My perception of Manchester has always been that of a tired 19th-century industrial city where young children still work in the cotton mills. Okay, I was a little behind the times.
However, Manchester isn’t. In the 19th century, it was the world’s first modern city and supposedly the birthplace of capitalism (and the slums that were its by-product), as well as the petri dish for communism, feminism, and the computer revolution. Not a shabby history. After a post-war slump that lasted into the 90’s, the city found its new focus and has just kept moving ever since then.
There is construction everywhere. A new tram system is being installed, and buildings are going up as though there is a race on. The Victorian stone piles are reflected in glass and chrome towers of every description. Lots of energy here, and while it takes some practice to understand the natives, they are quite friendly and helpful.
Loved the huge Midland Hotel, where Mr. Rolls and Mr. Royce decided to join forces and inked the deal.
We focused our one day here on art and a bit of history.
The Manchester Art Gallery was designed by the man who designed the Houses of Parliament. It has a number of Turners and a large Pre-Raphaelite collection. Unfortunately, the Turners just rotated back to the attic, but we did see the P-R lovelies and a few other exhibits, including vintage/mod clothing. It’s not the V&A, but it’s a very good museum.
We bumped into some noteworthy fellows on our walk around town. There was Prince Albert, Gladstone, Abraham Lincoln, and Chopin.
The first two are understandable. Lincoln? Remember the embargo on cotton during the Civil War, and think of the impact it must have had on Manchester. But there was support for the Union cause here, and as a result, Lincoln wrote:
“I know and deeply deplore the sufferings which the working-men of Manchester, and in all Europe, are called to endure in this crisis. It has been often and studiously represented that the attempt to overthrow this government, which was built upon the foundation of human rights, and to substitute for it one which should rest exclusively on the basis of human slavery, was likely to obtain the favor of Europe. Through the action of our disloyal citizens, the working-men of Europe have been subjected to severe trials, for the purpose of forcing their sanction to that attempt. Under the circumstances, I cannot but regard your decisive utterances upon the question as an instance of sublime Christian heroism which has not been surpassed in any age or in any country… I do not doubt that the sentiments you have expressed will be sustained by your great nation; and…I hail this interchange of sentiment, therefore, as an augury that whatever else may happen, whatever misfortune may befall your country or my own, the peace and friendship which now exist between the two nations will be, as it shall be my desire to make them, perpetual.”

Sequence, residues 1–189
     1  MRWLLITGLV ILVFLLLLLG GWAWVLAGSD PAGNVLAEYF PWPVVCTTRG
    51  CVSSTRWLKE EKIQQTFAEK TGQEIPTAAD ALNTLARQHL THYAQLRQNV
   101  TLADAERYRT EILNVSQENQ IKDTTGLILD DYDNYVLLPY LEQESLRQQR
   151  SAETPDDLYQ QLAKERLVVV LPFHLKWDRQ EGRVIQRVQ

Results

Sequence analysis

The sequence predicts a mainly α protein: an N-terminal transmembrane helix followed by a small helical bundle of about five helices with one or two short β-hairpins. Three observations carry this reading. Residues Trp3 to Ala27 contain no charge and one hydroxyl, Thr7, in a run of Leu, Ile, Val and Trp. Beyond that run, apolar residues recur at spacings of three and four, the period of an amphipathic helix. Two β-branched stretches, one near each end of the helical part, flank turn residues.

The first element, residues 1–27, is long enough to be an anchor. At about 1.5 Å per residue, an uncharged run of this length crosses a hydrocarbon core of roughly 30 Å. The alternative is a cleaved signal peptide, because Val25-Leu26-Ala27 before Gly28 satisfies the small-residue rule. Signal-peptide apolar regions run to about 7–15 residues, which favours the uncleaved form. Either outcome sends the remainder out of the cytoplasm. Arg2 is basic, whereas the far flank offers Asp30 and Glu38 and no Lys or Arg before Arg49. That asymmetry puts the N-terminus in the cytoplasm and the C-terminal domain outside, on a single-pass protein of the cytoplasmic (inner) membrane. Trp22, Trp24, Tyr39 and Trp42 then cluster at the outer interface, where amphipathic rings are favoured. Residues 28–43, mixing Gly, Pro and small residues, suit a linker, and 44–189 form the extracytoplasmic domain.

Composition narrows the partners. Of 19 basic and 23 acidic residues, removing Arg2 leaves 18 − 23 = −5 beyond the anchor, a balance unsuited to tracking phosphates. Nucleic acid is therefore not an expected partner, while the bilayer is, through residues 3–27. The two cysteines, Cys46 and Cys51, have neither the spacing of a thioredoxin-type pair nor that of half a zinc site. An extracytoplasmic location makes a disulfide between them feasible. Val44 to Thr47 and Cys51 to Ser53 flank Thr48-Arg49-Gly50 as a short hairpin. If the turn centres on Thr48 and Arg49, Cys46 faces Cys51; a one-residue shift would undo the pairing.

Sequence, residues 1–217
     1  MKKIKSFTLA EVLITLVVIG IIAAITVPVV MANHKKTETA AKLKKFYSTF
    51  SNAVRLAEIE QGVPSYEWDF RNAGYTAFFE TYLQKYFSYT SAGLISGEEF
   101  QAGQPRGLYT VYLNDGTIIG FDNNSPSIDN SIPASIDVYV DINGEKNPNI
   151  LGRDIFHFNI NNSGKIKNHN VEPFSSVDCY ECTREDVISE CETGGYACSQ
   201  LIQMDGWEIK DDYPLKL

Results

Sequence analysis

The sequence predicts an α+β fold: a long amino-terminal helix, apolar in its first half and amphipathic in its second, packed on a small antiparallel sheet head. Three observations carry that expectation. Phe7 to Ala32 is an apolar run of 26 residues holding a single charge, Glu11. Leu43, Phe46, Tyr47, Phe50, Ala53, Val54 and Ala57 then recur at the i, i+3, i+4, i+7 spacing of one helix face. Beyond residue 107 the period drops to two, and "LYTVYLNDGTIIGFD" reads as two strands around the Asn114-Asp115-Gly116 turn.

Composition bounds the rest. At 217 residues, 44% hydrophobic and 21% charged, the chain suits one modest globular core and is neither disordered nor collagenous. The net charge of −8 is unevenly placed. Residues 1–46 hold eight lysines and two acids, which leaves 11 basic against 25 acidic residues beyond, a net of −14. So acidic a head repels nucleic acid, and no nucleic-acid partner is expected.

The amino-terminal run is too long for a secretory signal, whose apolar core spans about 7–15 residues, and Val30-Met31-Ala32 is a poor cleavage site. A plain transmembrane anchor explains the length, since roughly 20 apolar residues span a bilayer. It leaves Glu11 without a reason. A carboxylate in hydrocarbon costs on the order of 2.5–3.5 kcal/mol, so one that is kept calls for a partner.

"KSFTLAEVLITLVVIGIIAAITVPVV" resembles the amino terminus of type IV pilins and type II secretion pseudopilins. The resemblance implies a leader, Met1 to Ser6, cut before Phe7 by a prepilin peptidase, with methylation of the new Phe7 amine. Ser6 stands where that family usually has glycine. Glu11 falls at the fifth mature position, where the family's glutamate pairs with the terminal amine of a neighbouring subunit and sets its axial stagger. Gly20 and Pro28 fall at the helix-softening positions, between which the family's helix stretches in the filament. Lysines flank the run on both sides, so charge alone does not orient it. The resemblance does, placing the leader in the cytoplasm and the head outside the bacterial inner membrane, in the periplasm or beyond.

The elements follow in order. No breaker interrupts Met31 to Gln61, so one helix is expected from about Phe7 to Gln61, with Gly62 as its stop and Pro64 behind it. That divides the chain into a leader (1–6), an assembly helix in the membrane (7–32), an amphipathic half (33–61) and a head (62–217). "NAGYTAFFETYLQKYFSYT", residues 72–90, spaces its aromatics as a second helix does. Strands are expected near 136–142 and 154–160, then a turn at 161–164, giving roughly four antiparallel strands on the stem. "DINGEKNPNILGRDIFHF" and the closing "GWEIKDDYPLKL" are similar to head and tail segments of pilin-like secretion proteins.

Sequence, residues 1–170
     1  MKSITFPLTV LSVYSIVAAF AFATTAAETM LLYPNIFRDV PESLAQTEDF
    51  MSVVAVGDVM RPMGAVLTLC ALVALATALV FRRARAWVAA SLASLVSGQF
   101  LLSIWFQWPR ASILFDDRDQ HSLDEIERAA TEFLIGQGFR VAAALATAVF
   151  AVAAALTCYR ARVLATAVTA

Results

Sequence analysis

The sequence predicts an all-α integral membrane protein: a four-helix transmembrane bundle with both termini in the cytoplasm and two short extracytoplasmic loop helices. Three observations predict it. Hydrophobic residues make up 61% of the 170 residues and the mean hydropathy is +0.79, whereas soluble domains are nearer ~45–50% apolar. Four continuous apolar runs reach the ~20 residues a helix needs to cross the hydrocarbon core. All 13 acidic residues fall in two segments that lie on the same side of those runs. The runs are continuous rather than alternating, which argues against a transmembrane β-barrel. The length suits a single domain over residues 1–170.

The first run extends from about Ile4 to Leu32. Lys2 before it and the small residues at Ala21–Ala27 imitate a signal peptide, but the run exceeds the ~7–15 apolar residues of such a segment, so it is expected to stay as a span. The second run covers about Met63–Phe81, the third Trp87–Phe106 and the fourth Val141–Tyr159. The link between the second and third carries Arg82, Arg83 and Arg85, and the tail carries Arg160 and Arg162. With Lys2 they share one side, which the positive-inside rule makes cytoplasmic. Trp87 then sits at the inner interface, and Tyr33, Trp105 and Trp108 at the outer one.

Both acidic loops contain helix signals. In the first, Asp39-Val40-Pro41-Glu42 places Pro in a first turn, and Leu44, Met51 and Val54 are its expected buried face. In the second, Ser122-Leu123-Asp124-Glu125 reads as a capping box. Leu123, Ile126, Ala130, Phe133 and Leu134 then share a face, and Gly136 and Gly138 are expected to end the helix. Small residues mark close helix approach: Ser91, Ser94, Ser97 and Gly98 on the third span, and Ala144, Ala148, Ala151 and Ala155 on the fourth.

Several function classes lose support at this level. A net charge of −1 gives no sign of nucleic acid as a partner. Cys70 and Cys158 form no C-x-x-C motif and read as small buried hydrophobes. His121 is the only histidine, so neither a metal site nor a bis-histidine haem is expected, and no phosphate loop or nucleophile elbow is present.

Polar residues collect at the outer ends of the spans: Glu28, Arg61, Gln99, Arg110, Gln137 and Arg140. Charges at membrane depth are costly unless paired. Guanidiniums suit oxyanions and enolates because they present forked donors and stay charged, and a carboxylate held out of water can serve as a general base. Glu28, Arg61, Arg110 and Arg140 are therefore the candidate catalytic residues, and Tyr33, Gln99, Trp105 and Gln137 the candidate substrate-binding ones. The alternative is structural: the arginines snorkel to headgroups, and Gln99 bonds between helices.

They don’t make them like that any more.
Chopin was a hero here too, and as a result of his plaque, I now know to refer to the inhabitants of this great city as Mancunians, which I would have never gotten right on my own. Sounds like an endangered species, which they certainly are not.
Our last official stop was the John Rylands Library, a nice melding of the old and new. John’s widow had it built as a memorial to her husband in 1880, and it is one classy way to remember someone. A cathedral to knowledge and learning, it did have a holy feeling and that lovely smell of old books.
We should have given Manchester an extra day, but friends are waiting for us in Liverpool, so we are on our way tomorrow. It will be a busy fun day in another city that is blossoming after some hard times. How lucky we are to be here now.
Don’s Food Corner
The biggest mistake when choosing a meal while traveling is to go too far away from the indigenous dishes. Have pasta in Italy, not fish and chips. Have an avocado sandwich in Malibu, not Edinburgh. Go for the beef burgundy in Dijon, France, not Dayton. And, as those who have followed our food adventures in Italy know, you can’t really get veal Milanese except in Milan.
Despite that proven advice, we didn’t follow it today ourselves. We had too little time to search out something and made the mistake of popping into a pub with a menu that was a little too large, offering too many things. Jo ordered — are you ready? — a Philly cheese steak. It bore absolutely no resemblance to anything ever served anywhere in Philadelphia or, well, anywhere else. It kind of looked like burned meat shoved in a long bun with a little tub of cheez-whiz on the side. She actually liked it, and had really only expected meat on a baguette, which it was.
My mistake was going for the Indian food special of the day. While the Brits might have invented many of the dishes that pass for Indian food — chicken tikka — these are not dishes that should be attempted in a run-of-the-mill pub. I had lamb rogan josh. It was, in a word, yuk. I think it was just lumps of meat simmered in ketchup with a little cayenne thrown in.
Next time we stick to the fish and chips.